European shares closed sharply higher: Stoxx 50 +1.2%, Germany +1.3%, France +0.9%, Italy +1.3%, Spain +1.3%, U.K. +0.8%. It was half-day for the US markets: Dow +0.43% to 12927. S&P +0.44%. Crude +4.11% to $87.19.
Expectations of more central-bank action to propel the global economy, and reports that an army general in Iran was saying the country wouldn’t “sit idly” by as the U.S. and Europe built a missile-defense shield program that could target Iran propelled oil higher. (MarketWatch)
The BRICs, will comprise 20% of the world economy this year after growing more than four-fold in the past decade. At the same time, their combined stock-market value has dropped to a three-year low of 16% of the total invested in equities. “Unless we are seeing a major collapse of those economies, it’s a huge opportunity for investors,” Jim O’Neill (Bloomberg, also)
Meanwhile, Indian real estate continues to be attractive to PE funds in spite of residential sales going down by around 10% across the country with Mumbai seeing the sharpest fall of 50% and the absorption for grade-A office space across seven largest cities down by 12% q-o-q in the first quarter. (ET)
In our continuing take-down of the China growth “miracle”, we present two articles that show the precariousness of China’s position:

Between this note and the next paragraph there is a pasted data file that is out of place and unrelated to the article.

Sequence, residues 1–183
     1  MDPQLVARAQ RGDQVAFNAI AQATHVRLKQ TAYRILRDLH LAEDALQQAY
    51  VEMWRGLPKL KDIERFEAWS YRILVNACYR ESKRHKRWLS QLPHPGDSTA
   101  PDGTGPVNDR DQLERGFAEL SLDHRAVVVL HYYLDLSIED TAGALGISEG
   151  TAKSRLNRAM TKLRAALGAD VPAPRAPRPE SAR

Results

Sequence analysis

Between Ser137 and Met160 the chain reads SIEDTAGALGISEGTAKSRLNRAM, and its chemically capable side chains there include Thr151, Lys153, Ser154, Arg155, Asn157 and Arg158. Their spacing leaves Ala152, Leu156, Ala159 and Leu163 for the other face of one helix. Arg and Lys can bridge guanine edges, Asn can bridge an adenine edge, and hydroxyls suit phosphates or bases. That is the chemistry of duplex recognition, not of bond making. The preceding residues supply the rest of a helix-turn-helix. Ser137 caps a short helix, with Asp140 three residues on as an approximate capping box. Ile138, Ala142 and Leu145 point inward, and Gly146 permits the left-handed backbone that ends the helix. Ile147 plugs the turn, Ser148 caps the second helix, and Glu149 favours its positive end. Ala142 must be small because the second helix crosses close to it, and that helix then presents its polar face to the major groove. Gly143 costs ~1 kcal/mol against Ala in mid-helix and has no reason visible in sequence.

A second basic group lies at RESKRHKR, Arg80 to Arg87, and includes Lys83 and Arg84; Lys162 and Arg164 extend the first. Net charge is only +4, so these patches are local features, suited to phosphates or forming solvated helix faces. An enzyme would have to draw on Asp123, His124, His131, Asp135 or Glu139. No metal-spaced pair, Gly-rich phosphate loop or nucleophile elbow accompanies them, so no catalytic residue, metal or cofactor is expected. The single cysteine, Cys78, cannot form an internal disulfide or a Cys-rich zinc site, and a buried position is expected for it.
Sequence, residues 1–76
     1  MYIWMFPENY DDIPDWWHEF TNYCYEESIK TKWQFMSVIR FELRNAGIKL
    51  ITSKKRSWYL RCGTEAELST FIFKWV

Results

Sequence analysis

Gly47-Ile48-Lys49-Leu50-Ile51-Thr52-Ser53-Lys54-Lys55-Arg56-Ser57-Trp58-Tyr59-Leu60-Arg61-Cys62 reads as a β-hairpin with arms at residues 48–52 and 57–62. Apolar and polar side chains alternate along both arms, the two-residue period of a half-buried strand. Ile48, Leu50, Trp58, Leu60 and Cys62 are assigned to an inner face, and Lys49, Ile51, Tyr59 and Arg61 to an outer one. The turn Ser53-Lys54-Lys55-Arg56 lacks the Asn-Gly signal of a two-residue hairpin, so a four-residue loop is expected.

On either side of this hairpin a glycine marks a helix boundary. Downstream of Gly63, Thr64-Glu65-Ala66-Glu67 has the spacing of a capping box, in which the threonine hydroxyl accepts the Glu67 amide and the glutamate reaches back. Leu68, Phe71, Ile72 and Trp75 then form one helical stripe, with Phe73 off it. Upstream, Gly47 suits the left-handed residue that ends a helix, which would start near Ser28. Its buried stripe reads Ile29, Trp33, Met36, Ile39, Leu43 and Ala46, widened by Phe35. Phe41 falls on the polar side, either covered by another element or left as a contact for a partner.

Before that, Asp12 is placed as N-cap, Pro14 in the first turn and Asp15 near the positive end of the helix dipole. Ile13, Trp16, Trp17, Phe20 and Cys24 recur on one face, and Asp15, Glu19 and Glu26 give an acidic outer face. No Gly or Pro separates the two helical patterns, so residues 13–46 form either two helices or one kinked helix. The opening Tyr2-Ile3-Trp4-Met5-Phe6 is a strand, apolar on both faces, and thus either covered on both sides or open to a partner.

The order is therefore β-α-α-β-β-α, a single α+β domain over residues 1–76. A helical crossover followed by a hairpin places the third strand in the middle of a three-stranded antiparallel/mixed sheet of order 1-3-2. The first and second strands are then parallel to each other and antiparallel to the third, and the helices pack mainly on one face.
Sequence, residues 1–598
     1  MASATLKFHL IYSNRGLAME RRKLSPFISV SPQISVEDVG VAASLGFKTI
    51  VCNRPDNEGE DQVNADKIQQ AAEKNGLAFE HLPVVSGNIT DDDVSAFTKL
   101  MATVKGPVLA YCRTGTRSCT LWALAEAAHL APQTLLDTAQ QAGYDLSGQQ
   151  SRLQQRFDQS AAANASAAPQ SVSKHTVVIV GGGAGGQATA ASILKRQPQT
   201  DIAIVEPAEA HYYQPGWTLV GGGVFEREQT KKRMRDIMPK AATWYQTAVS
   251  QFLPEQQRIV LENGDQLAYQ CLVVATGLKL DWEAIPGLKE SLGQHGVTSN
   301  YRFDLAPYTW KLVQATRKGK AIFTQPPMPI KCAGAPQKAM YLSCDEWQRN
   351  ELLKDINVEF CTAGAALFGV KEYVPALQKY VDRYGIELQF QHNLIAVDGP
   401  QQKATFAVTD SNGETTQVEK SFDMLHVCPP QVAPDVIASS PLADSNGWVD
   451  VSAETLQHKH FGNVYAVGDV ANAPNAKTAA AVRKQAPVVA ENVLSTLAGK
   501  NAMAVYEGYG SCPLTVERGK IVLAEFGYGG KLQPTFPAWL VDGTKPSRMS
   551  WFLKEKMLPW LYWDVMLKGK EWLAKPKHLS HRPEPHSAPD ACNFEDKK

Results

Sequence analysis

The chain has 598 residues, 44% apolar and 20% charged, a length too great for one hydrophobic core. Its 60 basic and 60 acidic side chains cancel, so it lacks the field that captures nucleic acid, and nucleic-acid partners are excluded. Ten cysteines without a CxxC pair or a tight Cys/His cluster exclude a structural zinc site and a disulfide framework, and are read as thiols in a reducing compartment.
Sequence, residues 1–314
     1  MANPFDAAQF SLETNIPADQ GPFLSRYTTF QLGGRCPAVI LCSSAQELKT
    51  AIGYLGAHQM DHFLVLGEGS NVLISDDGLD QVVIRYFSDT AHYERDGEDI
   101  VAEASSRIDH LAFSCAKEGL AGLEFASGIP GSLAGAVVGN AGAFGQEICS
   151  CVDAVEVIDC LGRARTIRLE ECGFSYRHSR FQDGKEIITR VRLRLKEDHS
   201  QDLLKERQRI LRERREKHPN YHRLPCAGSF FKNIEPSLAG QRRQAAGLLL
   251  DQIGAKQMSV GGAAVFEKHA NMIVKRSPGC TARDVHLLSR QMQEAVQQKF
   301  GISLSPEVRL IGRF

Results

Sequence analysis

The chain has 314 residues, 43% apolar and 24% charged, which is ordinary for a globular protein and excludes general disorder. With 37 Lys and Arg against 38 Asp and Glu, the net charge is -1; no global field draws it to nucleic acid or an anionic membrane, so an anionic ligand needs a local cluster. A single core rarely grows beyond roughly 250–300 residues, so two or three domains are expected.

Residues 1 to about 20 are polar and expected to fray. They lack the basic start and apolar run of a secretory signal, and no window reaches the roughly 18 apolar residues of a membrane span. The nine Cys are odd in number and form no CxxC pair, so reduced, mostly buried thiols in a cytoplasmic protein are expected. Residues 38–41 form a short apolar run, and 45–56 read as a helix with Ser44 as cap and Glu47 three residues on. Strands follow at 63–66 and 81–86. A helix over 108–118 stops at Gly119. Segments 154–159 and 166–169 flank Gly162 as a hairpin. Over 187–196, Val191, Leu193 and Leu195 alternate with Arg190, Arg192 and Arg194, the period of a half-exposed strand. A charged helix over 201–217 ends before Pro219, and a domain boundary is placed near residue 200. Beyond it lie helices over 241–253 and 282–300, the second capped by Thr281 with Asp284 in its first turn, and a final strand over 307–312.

Financially repressed interest rates must adjust, one way this can happen is through a sharp increase in interest rates but it can also happen by a collapse in GDP growth rates. In either case the spread between the nominal growth rate and the nominal lending rate contracts, and so the extent of financial repression is sharply reduced. The alternative – that the household share of GDP continues to decline as depositors subsidize rapid GDP growth and even more capital misallocation – simply cannot be sustained. (MPettis)
Chinese corporate profits are falling. State-owned enterprises reported a 10% decline in profits in the first five months. Retail investors appear to have lost almost all faith in domestic Chinese stocks. Add state interference in the operations of listed companies at the expense of minority shareholders into the mix and you get why Chinese stocks are once again confounding the bullish expectations of Wall Street. (FT)